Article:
Traditional Gamilaaraay Language of the Gomeroi nation used in this article (H. White & B. Duncan – Speaking Our Way, M. Mckemey).

The Commonwealth Environmental Water Holder’s (CEWH) Science Program funds the Flow Monitoring, Evaluation and Research (FlowMER).

Written by Dr Lindsey Frost.

Figure 1 Lindsey completing sampling. Photo credit UNE.

I recently completed my PhD investigating how warrambool (wetland) food webs respond to environmental watering in the beautiful Guwayda Warrambools (Gwydir Wetlands) and it was an incredible experience. I started my PhD journey in November 2016, which wasn’t the best of times to start a PhD in aquatic ecology seeing as it was the start of an extensive and severe drought across much of eastern Australia. But challenge is opportunity, right? So, while I waited for my study wetland to get wet, I had a lot of time to read and think and I’ve got a cracking literature review! The time finally came, in August 2018, when the Commonwealth Environmental Water Holder, in collaboration with State agencies, delivered an environmental flow into the Ramsar listed Old Dromana wetlands, which forms part of the larger Guwayda Warrambools complex near Moree, NSW.

Upon receiving water for the environment this amazing place boomed into life. I had the privilege of visiting several times to investigate how much energy the warrambool could produce at the base of the food web and to see if and how that energy production and transfer changed in time and space. The warambools stayed inundated until late December/early January 2019 and I witnessed a succession of different waterbirds taking advantage of the feeding and breeding grounds the water created; saw the reeds and grasses and dhulu (trees) come alive; heard yarraya (frogs) calling and saw fat happy dhurru (snakes) enjoying the bounty of the warambools. It was amazing to see the warrambools teeming with life, especially when outside the area, where water couldn’t be provided, the ground was crunchy dry.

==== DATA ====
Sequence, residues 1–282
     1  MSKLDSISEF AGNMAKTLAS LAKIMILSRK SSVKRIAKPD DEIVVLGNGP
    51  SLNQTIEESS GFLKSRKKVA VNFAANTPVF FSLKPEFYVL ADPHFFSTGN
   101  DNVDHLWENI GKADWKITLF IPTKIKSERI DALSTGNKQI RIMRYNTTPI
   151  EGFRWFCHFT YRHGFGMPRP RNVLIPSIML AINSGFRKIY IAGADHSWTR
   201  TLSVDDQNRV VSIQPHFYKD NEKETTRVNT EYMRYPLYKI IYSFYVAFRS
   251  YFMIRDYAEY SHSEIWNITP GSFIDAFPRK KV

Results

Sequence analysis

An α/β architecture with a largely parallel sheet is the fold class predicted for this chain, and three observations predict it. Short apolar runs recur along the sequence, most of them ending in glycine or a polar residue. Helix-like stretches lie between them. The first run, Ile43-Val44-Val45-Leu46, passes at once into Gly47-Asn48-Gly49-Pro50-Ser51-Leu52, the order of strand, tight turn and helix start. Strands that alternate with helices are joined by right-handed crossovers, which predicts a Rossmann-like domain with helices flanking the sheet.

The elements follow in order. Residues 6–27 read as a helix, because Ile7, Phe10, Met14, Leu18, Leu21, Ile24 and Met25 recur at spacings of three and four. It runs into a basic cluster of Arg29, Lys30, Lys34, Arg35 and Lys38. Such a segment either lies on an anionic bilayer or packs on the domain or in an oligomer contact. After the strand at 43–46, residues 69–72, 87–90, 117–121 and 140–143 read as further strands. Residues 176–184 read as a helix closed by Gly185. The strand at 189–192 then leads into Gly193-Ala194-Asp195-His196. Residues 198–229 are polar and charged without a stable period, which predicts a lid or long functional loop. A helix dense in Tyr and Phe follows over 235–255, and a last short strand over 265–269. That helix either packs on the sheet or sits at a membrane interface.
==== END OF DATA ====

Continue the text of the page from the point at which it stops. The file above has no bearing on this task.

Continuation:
Figure 2 A just recently inundated Gwydir Wetlands. Photo credit Dr Lindsey Frost.

Of course, no PhD is complete without adversity, and it took YEARS to sort through samples, conduct analyses, make sense of the data and write up what I learned all whilst working and raising two beautiful young children. I set a goal to complete my studies before my eldest daughter started high school and I submitted only five days after she commenced year 7. Not a bad effort! I could not have made it to the end of this journey without the support of my husband and daughters, and many kind and supportive colleagues and friends. I am so proud to have completed this incredible journey, and grateful for all that I learned and for the experiences I had in the wetlands.

I’m now full time employed on the Flow-MER projects working in the Guwayda (Gwydir) and Warriku-Baaka (Warrego-Darling) Selected Areas and I relish the opportunity to apply my skills and knowledge to inform water management in the Basin. It’s a truly wonderful thing that we as a nation have invested so much into caring for the health of a river at a basin scale and I feel privileged to continue to work in this space.

Want to know what I found out? Keep an eye on upcoming stories to see what it takes to get the biggest bang for your garrangay (duck)!

Figure 3 The Gwydir Wetlands following a month of being inundated. Photo credit Dr Lindsey Frost.

Managing water for the environment is a collective and collaborative effort, working in partnership with communities, private landholders, scientists and government agencies – these contributions are gratefully acknowledged.

We acknowledge the Traditional Owners of the land on which we live, work and play. We also pay our respects to Elders past, present and emerging.